The Finnish Institute in Japan serves as a link between Finland and Japan in the fields of science and culture. The institute enables dialogue and promotes co-operation between practitioners of culture, research, higher education, technology and business.
The Finnish Institute in London is a private, non-profit trust bringing together individuals, communities and organizations. Its mission is to identify emerging issues important to contemporary society in Finland, the United Kingdom and the Republic of Ireland. Its encourages cross-disciplinary and cross-border collaboration by creating networks and building new partnerships.
The Finnish Institute in Saint Petersburg is a meeting place for Finnish and Russian research and culture. Its cultural events are aimed at a wide audience in Russia.
The institute co-operates with businesses and academic institutions, participates in seminars, and helps connect experts and organizations in the two countries. Its supports events and initiatives related to Finnish culture. The institute’s home base in Finland House in the city centre acts as a focal point for Russo-Finnish relations.
The aim of the Finnish Institute in Stockholm is to promote knowledge of Finnish culture and society in Sweden, to support the culture of Sweden’s Finnish minority and to facilitate cultural exchange between the two countries. The institute hosts a varied programme of Finnish language courses, exhibitions, concerts, seminars, author readings, and lectures on culture, research and politics. In addition, it organizes tours showcasing contemporary Finnish cinema and literature, and imports theatre productions for Swedish-Finnish audiences, both children and adults.
The institute’s exhibition space is primarily dedicated to contemporary art.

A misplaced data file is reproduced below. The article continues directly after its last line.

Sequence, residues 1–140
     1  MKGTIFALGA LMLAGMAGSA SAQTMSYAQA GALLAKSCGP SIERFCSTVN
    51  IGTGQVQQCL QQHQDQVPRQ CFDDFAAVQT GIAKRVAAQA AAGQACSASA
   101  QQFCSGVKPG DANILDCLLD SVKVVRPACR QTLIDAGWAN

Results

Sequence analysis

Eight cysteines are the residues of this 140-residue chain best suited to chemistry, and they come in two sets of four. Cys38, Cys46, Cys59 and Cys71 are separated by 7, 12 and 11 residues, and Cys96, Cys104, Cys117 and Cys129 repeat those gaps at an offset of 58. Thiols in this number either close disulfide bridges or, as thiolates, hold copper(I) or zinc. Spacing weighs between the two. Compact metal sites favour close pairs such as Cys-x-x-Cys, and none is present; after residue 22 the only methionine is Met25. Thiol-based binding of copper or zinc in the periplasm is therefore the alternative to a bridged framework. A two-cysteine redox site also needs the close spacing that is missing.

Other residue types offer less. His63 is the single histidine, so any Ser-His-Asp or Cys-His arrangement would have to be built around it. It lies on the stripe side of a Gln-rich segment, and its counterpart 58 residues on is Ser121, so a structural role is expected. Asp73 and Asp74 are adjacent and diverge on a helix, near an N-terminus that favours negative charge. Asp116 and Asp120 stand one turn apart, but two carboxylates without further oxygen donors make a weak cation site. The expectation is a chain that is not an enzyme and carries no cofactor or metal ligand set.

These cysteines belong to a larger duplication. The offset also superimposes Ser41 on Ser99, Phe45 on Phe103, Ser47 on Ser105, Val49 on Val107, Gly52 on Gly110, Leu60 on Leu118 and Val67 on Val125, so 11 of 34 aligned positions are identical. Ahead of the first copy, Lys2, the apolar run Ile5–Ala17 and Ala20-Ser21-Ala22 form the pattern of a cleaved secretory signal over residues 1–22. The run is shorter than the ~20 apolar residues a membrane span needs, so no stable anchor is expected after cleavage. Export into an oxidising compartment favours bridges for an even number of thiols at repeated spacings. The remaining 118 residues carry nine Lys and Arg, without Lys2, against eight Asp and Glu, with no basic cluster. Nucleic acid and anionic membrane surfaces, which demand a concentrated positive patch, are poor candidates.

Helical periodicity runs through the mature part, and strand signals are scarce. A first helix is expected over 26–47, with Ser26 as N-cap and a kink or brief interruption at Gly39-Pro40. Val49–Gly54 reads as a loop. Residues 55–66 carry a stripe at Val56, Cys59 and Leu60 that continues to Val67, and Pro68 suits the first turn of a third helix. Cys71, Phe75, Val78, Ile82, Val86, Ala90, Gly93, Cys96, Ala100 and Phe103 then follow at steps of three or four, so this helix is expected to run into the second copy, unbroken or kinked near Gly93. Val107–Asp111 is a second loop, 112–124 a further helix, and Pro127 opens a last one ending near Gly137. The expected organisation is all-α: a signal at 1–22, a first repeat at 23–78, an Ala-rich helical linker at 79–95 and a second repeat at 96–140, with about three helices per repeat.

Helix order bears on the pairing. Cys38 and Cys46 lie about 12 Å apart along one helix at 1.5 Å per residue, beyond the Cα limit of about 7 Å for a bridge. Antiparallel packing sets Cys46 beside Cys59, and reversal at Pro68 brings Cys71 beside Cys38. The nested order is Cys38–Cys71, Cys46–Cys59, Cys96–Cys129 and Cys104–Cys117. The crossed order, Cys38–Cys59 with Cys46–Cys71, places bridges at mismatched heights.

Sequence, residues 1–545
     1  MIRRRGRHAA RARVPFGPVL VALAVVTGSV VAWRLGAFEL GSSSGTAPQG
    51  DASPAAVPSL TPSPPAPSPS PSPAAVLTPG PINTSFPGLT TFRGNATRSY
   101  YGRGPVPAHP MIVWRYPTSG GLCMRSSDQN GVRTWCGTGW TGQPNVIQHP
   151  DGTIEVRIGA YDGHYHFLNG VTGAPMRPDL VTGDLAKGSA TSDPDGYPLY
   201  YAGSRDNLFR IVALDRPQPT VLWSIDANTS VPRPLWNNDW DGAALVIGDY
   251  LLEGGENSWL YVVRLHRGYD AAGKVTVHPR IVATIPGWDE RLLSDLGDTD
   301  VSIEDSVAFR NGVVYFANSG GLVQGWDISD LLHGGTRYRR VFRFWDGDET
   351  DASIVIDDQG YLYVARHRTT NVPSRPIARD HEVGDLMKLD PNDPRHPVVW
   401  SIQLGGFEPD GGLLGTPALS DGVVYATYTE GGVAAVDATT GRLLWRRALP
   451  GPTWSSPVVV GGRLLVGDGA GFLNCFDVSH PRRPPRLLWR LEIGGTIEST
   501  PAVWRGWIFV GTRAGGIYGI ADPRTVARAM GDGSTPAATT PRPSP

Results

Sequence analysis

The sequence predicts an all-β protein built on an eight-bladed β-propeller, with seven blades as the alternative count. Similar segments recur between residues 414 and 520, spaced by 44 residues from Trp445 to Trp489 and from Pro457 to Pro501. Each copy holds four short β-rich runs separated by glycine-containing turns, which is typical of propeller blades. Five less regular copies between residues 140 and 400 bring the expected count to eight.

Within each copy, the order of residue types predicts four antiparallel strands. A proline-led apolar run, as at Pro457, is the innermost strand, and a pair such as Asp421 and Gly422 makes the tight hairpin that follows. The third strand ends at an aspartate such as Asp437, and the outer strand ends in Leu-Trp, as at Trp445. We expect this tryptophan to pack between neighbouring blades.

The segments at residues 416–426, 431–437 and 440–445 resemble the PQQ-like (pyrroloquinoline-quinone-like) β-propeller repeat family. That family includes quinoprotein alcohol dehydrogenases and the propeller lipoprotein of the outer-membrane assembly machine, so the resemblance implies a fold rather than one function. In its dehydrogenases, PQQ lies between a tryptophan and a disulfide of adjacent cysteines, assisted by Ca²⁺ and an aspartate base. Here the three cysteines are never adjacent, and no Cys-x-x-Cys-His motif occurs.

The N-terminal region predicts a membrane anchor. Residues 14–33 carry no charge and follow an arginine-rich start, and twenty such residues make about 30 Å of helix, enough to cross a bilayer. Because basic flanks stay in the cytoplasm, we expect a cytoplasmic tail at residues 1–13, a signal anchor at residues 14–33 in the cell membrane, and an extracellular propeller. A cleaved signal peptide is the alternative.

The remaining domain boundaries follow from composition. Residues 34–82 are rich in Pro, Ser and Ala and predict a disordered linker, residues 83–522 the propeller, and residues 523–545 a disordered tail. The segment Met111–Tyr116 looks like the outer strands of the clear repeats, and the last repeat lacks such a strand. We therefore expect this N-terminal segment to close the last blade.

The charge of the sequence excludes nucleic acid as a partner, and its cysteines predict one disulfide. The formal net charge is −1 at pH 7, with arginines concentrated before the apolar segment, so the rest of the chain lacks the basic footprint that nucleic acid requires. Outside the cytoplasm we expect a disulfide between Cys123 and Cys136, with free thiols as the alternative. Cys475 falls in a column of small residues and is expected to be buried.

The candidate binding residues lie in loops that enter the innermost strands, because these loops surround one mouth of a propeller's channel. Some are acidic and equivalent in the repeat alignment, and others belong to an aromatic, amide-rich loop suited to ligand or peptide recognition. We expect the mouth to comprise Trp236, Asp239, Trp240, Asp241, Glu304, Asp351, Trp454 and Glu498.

The Finnish Institute in the Middle East (FIME) is a research institute operating across the Middle East. It has been located in Beirut, Lebanon, since 2013. It conducts academic research, supports Middle East studies at Finnish universities, organizes courses together with universities, advances academic and cultural co-operation between Finland and Middle Eastern countries as well as promoting Finland in the region.
The Finnish-Norwegian Cultural Institute distributes information and promotes networking. The Oslo-based office organizes exhibitions, concerts, author visits, seminars and lectures across the country. The institute collaborates with Norwegian and Finnish partners, including other organizations promoting contacts between Finland and Norway. The institute was founded in 1997 and is supported by two bilateral funds, the Finnish-Norwegian Cultural Fund and the Norwegian-Finnish Cultural Fund.
Hanasaari-Hanaholmen is the only one of the Finnish institutes located in Finland. The Hanasaari Swedish-Finnish Cultural Centre promotes interaction and wide-ranging co-operation between Finland and Sweden. It organizes events, courses, seminars and projects, investigates fields in need of further development, and works to enhance collaboration between the two countries.
The Finnish Institute in Rome is the oldest of the Finnish cultural and academic institutes. It is located in the Villa Lante dating from the 16th century. The work of the institute focuses on research and teaching, mainly in the humanities. The institute is particularly known for epigraphical studies. It also offers residential accommodation for students, researchers and artists and houses a specialist library.